An antidote to that “worst sentence ever” from the other day: the best ever opening sentences in novels. As picked by novelists.
The Atlantic’s Joe Fassler has asked a bunch of acclaimed authors to nominate their favourite opening lines.
Margaret Atwood goes for Herman Melville’s Moby-Dick:
Call me Ishmael.
Jonathan Franzen plumps for Franz Kafka’s The Trial:
Someone must have slandered Josef K, because one morning, without his having done anything bad, he was arrested.
Crime writer Lawrence Block volunteers five – and the opening lines from five separate Richard Stark novels in the “Parker” series make a splendid set.
When the car stopped rolling, Parker kicked out the windshield and crawled through onto the wrinkled hood, Glock first.
When the guy with asthma finally came in from the fire escape, Parker rabbit-punched him and took his gun away.
When the woman screamed, Parker awoke and rolled off the bed.
When the bandages came off, Parker looked in the mirror at a stranger.
When the knock came at the door, Parker was just turning to the obituary page.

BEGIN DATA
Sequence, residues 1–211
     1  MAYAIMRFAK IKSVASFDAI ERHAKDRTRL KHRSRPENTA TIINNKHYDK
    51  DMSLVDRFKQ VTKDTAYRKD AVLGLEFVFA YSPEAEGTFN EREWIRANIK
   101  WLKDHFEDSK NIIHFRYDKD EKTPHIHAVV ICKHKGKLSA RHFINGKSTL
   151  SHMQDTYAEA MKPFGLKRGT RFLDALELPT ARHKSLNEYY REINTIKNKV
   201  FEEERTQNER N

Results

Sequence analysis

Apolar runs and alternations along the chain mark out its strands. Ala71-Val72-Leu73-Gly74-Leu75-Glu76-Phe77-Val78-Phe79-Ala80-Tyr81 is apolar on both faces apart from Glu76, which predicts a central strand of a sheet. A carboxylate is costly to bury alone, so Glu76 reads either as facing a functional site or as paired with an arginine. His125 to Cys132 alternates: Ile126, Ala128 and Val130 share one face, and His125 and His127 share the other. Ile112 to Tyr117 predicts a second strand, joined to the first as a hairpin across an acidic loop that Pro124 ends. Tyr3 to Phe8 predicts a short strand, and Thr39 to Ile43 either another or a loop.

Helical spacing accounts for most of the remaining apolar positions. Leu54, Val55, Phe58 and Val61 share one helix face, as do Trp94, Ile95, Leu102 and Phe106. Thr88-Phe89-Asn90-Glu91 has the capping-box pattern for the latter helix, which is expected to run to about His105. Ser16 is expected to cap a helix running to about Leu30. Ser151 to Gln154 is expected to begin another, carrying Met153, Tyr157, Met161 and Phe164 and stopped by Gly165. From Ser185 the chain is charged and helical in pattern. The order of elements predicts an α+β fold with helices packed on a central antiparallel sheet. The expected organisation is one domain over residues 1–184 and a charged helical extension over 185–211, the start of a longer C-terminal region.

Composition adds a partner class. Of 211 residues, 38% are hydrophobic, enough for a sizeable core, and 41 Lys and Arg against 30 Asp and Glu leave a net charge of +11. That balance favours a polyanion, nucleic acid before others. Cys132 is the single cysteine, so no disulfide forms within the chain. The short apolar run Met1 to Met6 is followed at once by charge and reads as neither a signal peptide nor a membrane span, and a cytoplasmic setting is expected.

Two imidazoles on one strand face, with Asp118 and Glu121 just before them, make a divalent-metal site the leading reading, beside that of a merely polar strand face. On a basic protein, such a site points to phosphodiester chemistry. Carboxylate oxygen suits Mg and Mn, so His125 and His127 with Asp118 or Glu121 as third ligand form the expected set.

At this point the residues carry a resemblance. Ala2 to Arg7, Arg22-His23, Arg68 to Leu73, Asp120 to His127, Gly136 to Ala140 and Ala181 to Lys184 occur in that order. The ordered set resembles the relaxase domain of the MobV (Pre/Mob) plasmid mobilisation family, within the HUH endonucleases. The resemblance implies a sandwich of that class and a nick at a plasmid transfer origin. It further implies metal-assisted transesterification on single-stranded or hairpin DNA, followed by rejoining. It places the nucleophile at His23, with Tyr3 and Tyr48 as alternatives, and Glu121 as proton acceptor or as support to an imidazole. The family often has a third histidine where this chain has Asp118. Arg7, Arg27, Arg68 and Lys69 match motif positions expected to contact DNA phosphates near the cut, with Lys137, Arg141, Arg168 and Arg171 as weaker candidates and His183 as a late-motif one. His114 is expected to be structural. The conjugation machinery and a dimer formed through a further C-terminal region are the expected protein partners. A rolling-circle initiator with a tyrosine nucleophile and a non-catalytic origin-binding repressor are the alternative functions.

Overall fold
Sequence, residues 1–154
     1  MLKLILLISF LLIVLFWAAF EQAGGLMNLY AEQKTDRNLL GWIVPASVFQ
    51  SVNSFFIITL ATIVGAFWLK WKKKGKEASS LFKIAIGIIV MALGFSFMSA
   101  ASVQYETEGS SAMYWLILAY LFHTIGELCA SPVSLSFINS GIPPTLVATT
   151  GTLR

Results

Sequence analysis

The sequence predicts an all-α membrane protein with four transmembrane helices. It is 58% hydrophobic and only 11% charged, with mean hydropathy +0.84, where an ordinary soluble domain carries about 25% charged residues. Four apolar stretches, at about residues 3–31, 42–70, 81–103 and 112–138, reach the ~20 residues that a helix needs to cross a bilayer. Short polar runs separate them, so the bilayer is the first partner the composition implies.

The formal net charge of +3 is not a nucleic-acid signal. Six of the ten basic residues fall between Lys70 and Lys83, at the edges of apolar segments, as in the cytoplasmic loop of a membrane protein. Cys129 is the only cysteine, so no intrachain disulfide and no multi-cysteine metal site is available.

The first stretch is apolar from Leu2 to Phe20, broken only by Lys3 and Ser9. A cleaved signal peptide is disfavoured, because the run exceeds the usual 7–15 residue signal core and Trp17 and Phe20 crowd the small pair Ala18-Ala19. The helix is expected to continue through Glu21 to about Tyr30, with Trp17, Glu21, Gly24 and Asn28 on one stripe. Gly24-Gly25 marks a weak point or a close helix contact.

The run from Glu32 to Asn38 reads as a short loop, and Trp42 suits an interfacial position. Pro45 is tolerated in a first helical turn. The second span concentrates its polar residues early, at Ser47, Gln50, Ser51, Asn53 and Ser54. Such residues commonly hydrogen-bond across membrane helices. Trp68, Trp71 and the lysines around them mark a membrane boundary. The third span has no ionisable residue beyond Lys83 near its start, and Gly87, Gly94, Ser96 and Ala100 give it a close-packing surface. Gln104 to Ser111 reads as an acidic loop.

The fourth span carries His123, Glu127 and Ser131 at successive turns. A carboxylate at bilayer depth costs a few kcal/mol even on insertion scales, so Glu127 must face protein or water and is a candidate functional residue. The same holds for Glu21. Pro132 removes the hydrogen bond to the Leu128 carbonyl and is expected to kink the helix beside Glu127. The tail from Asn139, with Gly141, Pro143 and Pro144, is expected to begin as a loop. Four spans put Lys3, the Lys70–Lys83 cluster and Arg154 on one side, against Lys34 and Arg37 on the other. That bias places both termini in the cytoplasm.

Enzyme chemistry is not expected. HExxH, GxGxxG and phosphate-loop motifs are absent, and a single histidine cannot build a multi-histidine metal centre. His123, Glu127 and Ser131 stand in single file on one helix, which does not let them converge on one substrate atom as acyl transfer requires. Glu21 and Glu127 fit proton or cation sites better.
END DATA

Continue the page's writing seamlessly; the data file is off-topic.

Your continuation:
Last year the Observer selected its ten best opening lines in fiction. This, from James Joyce’s Ulysses (which we’ve all read, right?), came top:
Stately, plump Buck Mulligan came from the stairhead, bearing a bowl of lather on which a mirror and a razor lay crossed.
And atop the Telegraph selection of the 30 best “great opening lines in literature”, from earlier this year, is just as familiar – from Jane Austen’s Pride and Prejudice:
It is a truth universally acknowledged, that a single man in possession of a good fortune, must be in want of a wife.
But as far as New Zealand literature is concerned, there’s any easy winner. Ronald Hugh Morrieson’s The Scarecrow:
The same week our fowls were stolen, Daphne Moran had her throat cut.